In Defense of Destiny’s Story

I talk about video games a lot on this blog, because I love them and play a lot of them. I also write about storytelling because it’s kinda my thing. Now, there’s a lot to say about video game narrative, which, honestly, can apply to narrative in general. Games are special because narrative — or even story of any sort — isn’t necessary for a good game (See: Pacman, or better yet,Pong).

But, contrary to what game designers like Jonathan Blow think, games can tell excellent stories. Naughty Dog’s The Last of Us is an emotional story that rivals great film and has found its way into many of my papers for school. Bungie too has told great stories through the Halo games. No, they may not on the same level as The Last of Us, but the original trilogy did tell a solid story, ODSThad great characters, and Reach was genuinely sad at times. All of these games are very linear and have a very traditional narrative. Which is great.

Destiny, on the other hand, is very loosely linear. There are story missions for you to do, but there’s no urgency with which you have to do them, and thus you can spend plenty of time exploring the world at large and taking on side missions. Story information itself is dispersed through the occasional story-focused cutscene and through bits of dialogue with your companion, the AI Ghost. This all to say, there’s very little in the way of explicit storytelling.

The game’s gotten a lot of flak for this. Here’s this grand expansive world with hints of incredible backstory, but where’s the actual story? Where’s the character development? Where’re the big arcs and twists? The story, apparently, feels too nebulous to be worthwhile. Granted, the gameplay more than makes up for it, but the way its critics see it, a weak story is Destiny’s greatest flaw.

But Destiny’s story isn’t weak, it’s open. Modern Warfare 2 had a woefully weak story, with underdeveloped characters and a plot that made very little sense. Sure, it was spelled out for you, but there really wasn’t much there. See, a lot of Destiny is conveyed through spatial and environmental storytelling. The very world of Destiny: the ancient ruins on Venus, the decaying colony on the Moon, the colonyships in Old Russia’s Cosmodrome; they all harken to something older and greater than what we see now. Mentions of the fall, of the Hive taking over the Moon, all this hint at something big. This is what Destiny does: the incredible world building does much of the heavy narrative lifting. Those scraps of story which, combined with the Grimoire accessed online or through the companion app, paint a great world for the player to inhabit. In there you go on these missions and carry out the main story, with lots of empty spaces in between.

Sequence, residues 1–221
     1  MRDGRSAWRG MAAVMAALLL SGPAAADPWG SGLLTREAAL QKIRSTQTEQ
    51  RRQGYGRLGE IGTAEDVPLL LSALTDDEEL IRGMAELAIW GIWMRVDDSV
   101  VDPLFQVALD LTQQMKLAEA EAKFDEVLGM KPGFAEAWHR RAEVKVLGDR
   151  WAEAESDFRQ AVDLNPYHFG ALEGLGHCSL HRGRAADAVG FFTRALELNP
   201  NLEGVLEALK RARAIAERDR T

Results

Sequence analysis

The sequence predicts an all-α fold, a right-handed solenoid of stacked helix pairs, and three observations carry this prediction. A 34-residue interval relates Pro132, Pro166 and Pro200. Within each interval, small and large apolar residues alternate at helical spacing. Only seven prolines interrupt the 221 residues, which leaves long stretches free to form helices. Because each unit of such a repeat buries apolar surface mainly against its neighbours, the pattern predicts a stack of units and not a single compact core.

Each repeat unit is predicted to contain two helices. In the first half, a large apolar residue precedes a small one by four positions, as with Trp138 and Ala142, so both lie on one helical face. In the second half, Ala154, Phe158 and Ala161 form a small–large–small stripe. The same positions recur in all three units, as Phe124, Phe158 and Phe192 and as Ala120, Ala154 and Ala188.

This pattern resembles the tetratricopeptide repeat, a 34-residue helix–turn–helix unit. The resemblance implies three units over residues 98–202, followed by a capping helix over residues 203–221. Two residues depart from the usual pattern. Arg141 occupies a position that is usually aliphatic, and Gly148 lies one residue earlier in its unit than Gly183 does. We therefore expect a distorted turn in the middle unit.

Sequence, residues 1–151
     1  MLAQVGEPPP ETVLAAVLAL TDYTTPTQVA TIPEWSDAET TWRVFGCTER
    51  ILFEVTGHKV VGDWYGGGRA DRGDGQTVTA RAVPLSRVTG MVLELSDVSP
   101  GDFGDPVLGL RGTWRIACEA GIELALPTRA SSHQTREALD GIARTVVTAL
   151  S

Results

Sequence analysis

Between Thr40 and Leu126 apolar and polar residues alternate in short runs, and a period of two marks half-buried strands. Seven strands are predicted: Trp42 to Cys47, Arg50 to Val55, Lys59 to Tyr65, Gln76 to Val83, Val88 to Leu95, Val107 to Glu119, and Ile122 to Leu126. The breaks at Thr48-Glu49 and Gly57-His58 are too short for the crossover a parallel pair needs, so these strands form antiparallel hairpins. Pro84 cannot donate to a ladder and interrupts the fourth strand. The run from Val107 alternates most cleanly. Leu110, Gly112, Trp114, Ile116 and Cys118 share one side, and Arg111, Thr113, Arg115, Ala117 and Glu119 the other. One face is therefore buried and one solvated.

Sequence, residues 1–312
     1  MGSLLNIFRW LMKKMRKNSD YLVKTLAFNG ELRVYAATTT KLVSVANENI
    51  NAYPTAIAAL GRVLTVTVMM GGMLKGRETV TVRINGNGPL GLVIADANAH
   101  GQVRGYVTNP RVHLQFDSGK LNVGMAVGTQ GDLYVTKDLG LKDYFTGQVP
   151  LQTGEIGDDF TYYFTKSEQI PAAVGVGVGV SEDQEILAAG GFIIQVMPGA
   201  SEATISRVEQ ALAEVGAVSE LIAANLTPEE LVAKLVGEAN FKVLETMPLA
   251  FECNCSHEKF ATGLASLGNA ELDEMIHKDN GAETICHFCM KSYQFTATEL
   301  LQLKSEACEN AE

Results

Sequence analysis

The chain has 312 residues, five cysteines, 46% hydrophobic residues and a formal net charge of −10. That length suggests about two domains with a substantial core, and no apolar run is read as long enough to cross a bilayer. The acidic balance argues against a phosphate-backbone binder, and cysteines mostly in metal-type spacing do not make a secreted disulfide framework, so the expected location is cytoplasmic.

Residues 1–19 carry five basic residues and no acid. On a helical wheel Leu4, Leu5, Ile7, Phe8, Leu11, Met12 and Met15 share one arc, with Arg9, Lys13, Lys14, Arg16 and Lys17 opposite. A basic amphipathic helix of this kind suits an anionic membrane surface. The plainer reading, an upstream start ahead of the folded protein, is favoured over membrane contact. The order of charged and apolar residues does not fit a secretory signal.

These empty spaces is where you come in. Destiny wants you to use your imagination. There’s so much empty space in the story it’s easy to fill it up with your own ideas as to what happened. It’s like playing with your toys again, where you’re given the character and a little bit of story and let lose to make up how it plays out. This is the strength of Destiny’s story: Your imagination. Yes, it’s drastically different from a lot of modern — or even adult — storytelling, but it’s this open-endedness that sets Destiny apart. Here the player is free to create their own story. The nature of fireteams, the backstory of your Guardian, even some of the relations between characters, it’s all up to you.

This is what I’m loving as I play through Destiny, the freedom to wander through the world. I’m still not yet done with the game (almost finished the last mission on Venus) due to not only real life commitments, but also plain getting distracted by every Patrol mission and Strike in Destiny. But unlike Assassin’s Creed 4 where spending hours sidetrack hurt the plot’s pacing and any emotional attachment; Destiny’s side-missions and even competitive multiplayer feel like an addition to the overall narrative arch. It’s as if Bungie’s opening up a big sandbox and inviting you to play.

 

For more on spatial and environmental storytelling, read Henry Jenkins’ Game Design as Narrative Architecture. If you have a PS3 and want to play Destiny with someone cool, let me know.

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